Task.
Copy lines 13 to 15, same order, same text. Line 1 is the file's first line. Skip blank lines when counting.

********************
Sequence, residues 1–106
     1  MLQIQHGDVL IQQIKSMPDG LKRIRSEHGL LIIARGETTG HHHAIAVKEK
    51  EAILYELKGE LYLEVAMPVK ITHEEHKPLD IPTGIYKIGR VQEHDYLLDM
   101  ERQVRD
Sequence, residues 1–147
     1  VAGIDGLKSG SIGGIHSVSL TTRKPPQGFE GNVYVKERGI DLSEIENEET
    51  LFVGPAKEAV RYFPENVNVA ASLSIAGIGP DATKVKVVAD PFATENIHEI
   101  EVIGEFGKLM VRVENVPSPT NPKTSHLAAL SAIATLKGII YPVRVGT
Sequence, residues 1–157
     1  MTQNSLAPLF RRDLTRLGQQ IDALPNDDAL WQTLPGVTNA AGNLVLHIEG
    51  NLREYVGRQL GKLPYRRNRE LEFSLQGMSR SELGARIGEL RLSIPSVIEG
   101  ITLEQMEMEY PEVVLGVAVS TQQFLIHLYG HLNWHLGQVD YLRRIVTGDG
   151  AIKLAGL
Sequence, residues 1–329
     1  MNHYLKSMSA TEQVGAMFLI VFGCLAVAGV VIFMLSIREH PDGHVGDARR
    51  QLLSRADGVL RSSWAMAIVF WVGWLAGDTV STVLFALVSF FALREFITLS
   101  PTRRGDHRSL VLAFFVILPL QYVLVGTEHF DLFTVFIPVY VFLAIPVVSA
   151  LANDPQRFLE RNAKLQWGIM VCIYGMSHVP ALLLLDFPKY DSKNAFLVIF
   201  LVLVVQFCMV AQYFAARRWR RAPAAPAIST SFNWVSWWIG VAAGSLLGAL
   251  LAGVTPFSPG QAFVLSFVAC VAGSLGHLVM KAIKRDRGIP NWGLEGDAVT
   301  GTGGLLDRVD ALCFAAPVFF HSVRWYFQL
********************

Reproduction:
   151  AIKLAGL
Sequence, residues 1–329
     1  MNHYLKSMSA TEQVGAMFLI VFGCLAVAGV VIFMLSIREH PDGHVGDARR